RESPONDENT: Pulse Electronics Inc., et al.
LOCATION: U.S. Court of Appeals for the Federal Circuit
DOCKET NO.: 14-1513
DECIDED BY: Roberts Court (2016- )
LOWER COURT: United States Court of Appeals for the Federal Circuit
CITATION: 579 US (2016)
GRANTED: Oct 19, 2015
ARGUED: Feb 23, 2016
DECIDED: Jun 13, 2016
Carter G. Phillips - for the respondents
Jeffrey B. Wall - for the petitioners
Roman Martinez - Assistant to the Solicitor General, for the United States as amicus curiae, for the petitioners
Facts of the case
Halo Electronics, Inc. (Halo) and Pulse Electronics, Inc. (Pulse) are both suppliers of electronic components. Halo owns three patents regarding surface mount electronic packages; Pulse designs and sells surface mount electronic packages and does its manufacturing in Asia. In 2002, Halo unsuccessfully attempted to license their patents to Pulse. In 2007, Halo sued Pulse for patent infringement. The district court held that Pulse infringed on Halo’s patents with products shipped into the United States, had induced others to infringe on products delivered outside of the U.S. but ultimately imported into the U.S. as finished products, and found that it was highly probable that Pulse’s infringement was willful. The court later found that Pulse’s infringement was not willful. The U.S. Court of Appeals for the Federal Circuit affirmed and held that there was no “willful infringement.” In determining that there was no willful infringement, the appellate court applied a rigid two-part test established in In re Seagate that required that willfulness be proven on both an objective and subjective basis. In this case, the appellate court held that the objective prong was not met. This two-part test is similar to one the Supreme Court struck down last term in Octane Fitness, LLc v. ICON Health & Fitness, which dealt with a test for awarding attorneys fees.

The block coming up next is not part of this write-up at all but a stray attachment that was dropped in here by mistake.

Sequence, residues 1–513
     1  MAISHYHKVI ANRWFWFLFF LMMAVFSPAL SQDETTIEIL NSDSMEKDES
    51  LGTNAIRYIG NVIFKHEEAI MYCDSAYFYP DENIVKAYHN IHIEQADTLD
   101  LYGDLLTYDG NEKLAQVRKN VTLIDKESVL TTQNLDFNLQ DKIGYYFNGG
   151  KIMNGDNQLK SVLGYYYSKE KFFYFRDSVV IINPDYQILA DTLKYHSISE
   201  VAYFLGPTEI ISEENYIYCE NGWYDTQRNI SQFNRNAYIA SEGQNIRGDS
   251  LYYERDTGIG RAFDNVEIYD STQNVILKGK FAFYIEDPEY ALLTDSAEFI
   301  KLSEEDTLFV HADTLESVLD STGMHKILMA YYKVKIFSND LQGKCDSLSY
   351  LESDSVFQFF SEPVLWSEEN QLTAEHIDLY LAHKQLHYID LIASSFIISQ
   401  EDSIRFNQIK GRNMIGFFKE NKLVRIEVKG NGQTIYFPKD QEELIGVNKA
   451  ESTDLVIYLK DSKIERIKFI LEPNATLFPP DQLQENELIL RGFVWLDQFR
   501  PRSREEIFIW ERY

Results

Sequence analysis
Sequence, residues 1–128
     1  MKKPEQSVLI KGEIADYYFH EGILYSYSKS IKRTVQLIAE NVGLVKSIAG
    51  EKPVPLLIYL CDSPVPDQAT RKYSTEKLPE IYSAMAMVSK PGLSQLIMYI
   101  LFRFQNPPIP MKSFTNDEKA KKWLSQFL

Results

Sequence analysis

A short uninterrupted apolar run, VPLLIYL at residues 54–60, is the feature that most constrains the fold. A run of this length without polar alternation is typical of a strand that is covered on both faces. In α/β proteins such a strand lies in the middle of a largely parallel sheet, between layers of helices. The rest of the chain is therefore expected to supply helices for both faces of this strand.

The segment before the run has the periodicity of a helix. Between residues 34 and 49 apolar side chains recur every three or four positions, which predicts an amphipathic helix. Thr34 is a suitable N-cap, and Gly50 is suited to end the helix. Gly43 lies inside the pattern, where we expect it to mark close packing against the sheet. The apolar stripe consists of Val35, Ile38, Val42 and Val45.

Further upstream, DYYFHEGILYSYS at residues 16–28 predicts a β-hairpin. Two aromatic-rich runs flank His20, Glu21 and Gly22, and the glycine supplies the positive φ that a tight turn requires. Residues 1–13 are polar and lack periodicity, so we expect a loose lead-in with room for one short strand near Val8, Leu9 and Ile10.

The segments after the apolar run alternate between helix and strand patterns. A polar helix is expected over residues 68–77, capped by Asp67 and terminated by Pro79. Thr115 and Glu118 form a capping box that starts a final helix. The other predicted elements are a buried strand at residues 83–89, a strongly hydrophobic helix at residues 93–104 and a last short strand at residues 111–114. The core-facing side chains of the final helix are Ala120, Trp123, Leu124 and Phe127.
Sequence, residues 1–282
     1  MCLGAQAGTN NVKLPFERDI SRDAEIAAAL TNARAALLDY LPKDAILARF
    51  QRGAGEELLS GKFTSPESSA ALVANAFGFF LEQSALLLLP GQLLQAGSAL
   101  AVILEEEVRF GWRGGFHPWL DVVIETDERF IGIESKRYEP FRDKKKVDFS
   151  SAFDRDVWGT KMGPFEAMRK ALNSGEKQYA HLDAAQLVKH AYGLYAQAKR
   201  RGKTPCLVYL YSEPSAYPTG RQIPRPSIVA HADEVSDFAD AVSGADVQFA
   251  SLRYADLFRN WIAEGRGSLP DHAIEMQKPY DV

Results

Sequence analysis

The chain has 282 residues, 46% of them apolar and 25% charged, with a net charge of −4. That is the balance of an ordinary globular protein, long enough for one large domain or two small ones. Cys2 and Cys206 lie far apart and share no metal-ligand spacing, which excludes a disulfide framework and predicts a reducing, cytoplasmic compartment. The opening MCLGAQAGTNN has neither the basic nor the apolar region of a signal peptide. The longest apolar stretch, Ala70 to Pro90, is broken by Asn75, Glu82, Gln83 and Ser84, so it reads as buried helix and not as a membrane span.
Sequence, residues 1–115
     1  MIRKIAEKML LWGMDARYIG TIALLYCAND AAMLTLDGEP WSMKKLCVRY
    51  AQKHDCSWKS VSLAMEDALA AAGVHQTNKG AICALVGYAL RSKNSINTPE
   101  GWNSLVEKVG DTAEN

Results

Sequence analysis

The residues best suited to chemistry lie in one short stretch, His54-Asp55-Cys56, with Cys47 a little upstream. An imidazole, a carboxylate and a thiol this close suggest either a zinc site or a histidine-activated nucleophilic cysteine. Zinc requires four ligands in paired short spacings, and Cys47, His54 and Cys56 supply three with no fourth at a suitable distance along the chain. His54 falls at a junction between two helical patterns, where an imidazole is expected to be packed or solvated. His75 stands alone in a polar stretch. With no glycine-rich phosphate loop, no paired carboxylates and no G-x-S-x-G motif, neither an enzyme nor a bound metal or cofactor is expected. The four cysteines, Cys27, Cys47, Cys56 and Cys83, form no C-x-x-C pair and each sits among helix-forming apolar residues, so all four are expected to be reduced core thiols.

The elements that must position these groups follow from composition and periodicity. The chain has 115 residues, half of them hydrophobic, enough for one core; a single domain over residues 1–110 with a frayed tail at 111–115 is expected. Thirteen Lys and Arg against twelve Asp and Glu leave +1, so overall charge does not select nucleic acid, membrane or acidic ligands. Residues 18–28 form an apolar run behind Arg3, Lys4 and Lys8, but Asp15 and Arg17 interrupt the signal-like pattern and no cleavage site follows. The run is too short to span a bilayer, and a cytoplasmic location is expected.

In the consolidated case, Stryker Corporation (Stryker) sued Zimmer, Inc. (Zimmer) over patent infringement of medical equipment. Stryker and Zimmer are both competitors in the market for pulsed lavage devices, which deliver pressurized irrigation for certain medical procedures in orthopedic medicine. Stryker holds three patents for pulsed lavage devices that it claimed Zimmer had infringed. The district court found Zimmer liable for patent infringement. The jury awarded Stryker treble damages as allowed under 35 U.S.C. § 284 on the grounds that Zimmer intentionally violated Stryker’s patents. Zimmer appealed to the U.S. Court of Appeals for the Federal Circuit, which requires that the patent-holder prove the infringement was willful to be eligible for treble damages. Therefore, the appellate court overturned the award for treble damages on the grounds that Zimmer did not intentionally violate Stryker’s patents.
Did the U.S. Court of Appeals for the Federal Circuit err by applying a rigid, two-part test for enhancing patent infringement damages under 35 U.S.C §284?
Media for Halo Electronics v. Pulse Electronics Inc.Audio Transcription for Oral Argument - February 23, 2016 in Halo Electronics v. Pulse Electronics Inc.
Audio Transcription for Opinion Announcement - June 13, 2016 in Halo Electronics v. Pulse Electronics Inc.
John G. Roberts, Jr.:
And I have the opinion of the Court in case 14-1513, Halo Electronics versus Pulse Electronics and the consolidated case.
Now these are important patent cases, but they are actually pretty easy to follow.
Section 284 of the Patent Act provides that, in a case of infringement, courts “may increase the damages up to three times the amount found or assessed.”